Photo/Illutration A video looking back on the achievements of Tetsu Nakamura, a doctor long involved in relief activities in Afghanistan, is shown at his memorial on Nov. 23 at Kyushu University’s lecture hall in Fukuoka. (Motoki Nagasawa)

FUKUOKA--Hundreds turned out at a memorial to pay their respects to the late Tetsu Nakamura, the renowned humanitarian physician who dedicated his life to improving the lives of struggling people in Afghanistan.

Some 450 people attended the event on Nov. 23 held at his alma mater, Kyushu University, in the city’s Nishi Ward, to celebrate his life and decades of aid work just ahead of the first anniversary of his death.

Nakamura, who was the local head of Peshawar-kai, a nongovernmental organization he established in his hometown of Fukuoka, was gunned down while doing humanitarian work in the war-torn country on Dec. 4, 2019. He was 73.

Portraits of Nakamura, an Afghan driver and four security guards who were all killed in the ambush were displayed at the venue.

Speaking at the event, his son, Ken Nakamura, 37, touched on the importance of having “peace that allows us to have three meals a day and live with our families.” He said "we take it for granted,” which was something his father always told him.

“I hope the activities of Peshawar-kai, which follows in my father’s footsteps, will help bring the peace that we enjoy to Afghanistan,” he said.

The president of Peshawar-kai, Masaru Murakami, 71, said in his memorial address that the organization has continued to provide support for medical care, irrigation and agriculture in Afghanistan.

He said the group will continue working to fulfill Nakamura’s wishes, even despite the various new challenges complicating aid efforts there, such as the COVID-19 pandemic and flooding.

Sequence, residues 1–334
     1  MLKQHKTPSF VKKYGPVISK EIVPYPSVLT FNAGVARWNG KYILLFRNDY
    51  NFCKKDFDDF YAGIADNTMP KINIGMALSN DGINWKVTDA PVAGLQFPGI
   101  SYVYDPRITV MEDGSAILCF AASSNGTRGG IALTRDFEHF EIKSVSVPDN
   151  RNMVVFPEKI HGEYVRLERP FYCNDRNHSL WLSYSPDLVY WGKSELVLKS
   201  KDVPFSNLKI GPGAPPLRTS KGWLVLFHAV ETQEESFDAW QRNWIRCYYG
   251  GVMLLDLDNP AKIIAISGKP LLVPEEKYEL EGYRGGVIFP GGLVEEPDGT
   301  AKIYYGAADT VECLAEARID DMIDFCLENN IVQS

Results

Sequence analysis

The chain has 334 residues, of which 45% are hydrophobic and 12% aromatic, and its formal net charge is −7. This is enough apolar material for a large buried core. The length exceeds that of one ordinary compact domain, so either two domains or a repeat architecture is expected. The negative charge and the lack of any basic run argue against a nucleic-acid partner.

“We’ll never stop moving forward guided by your soul and words,” Murakami vowed.

Peshawar-kai organized the event, which was also streamed online.

Afghan President Ashraf Ghani said in a video message shown during the memorial that Nakamura’s “great legacy will be forever engraved in our hearts for generations,” referring to his achievements of building irrigation canals and revitalizing agricultural communities.

Singer-songwriter Masashi Sada attended the memorial and performed “Hitotsubu no Mugi--Moment--” (A grain of wheat), a song he made to honor Nakamura.

“Nakamura gave his life for a country that is not his own without hesitation and stayed calm without straining himself too much,” Sada said during his address. “That is what real courage is.”

Nakamura began offering medical support in Peshawar in northern Pakistan in 1984. After a severe drought struck Afghanistan in 2000 and turned local farmland into desert, he expanded his aid project to help rebuild Afghan irrigation and agriculture.

Since 2003, the organization has irrigated some 16,500 hectares of local farmland, reviving soil fertility and supporting the lives of 650,000 farmers.